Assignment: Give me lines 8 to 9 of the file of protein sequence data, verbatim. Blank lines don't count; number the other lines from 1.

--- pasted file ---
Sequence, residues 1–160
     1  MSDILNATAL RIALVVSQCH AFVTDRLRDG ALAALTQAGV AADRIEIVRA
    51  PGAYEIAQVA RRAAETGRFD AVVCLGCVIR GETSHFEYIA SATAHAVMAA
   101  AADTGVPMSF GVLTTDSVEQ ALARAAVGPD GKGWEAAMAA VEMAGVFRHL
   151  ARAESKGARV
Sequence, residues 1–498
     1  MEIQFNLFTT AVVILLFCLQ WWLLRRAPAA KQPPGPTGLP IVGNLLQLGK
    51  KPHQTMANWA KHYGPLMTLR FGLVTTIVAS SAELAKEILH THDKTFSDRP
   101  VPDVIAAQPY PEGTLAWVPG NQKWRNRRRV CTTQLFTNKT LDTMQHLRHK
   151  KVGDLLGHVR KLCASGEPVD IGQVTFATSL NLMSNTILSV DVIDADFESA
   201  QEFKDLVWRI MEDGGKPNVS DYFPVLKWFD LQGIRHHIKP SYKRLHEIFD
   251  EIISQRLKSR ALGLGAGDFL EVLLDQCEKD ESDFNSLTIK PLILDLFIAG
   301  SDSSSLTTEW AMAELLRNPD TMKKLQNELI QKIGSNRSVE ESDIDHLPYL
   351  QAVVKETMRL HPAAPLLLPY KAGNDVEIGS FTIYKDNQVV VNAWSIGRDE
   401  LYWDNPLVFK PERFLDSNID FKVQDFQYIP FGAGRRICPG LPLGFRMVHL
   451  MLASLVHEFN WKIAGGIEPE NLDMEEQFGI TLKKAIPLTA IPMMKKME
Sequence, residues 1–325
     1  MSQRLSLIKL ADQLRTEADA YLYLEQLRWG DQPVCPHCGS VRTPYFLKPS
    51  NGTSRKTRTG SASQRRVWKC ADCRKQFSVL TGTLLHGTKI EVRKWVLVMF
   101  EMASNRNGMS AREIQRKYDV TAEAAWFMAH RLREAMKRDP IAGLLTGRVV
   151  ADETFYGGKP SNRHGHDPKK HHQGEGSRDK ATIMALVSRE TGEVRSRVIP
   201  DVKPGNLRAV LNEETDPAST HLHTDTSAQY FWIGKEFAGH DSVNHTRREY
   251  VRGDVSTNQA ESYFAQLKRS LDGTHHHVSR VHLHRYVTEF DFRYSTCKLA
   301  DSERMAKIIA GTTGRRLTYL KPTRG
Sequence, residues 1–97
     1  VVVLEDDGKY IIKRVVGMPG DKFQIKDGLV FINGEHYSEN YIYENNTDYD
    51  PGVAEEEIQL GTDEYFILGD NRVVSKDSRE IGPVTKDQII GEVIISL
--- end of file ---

    51  KPHQTMANWA KHYGPLMTLR FGLVTTIVAS SAELAKEILH THDKTFSDRP
   101  VPDVIAAQPY PEGTLAWVPG NQKWRNRRRV CTTQLFTNKT LDTMQHLRHK